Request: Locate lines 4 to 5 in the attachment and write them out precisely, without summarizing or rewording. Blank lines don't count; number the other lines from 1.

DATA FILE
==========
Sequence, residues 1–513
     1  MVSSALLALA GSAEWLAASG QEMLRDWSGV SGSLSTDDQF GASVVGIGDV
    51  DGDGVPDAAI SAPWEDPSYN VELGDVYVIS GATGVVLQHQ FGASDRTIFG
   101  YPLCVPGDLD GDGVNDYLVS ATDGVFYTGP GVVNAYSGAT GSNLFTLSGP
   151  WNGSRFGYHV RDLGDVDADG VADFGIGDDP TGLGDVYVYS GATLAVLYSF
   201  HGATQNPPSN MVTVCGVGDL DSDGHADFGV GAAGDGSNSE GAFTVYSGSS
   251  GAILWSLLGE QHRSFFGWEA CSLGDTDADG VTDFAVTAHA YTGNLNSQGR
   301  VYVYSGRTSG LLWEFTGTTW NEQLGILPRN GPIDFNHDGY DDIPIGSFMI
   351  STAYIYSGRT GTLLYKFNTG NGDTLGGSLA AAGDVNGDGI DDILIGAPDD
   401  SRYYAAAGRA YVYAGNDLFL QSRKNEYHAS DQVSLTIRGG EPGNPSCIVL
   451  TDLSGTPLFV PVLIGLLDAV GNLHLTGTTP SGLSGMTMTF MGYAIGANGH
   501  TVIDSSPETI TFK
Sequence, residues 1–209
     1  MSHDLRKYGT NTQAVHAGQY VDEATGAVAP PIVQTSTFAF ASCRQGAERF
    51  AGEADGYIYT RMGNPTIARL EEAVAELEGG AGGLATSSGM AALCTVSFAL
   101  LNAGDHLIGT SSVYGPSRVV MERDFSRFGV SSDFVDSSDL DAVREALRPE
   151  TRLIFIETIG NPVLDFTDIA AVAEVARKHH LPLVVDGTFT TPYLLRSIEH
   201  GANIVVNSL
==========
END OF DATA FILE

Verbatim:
   101  YPLCVPGDLD GDGVNDYLVS ATDGVFYTGP GVVNAYSGAT GSNLFTLSGP
   151  WNGSRFGYHV RDLGDVDADG VADFGIGDDP TGLGDVYVYS GATLAVLYSF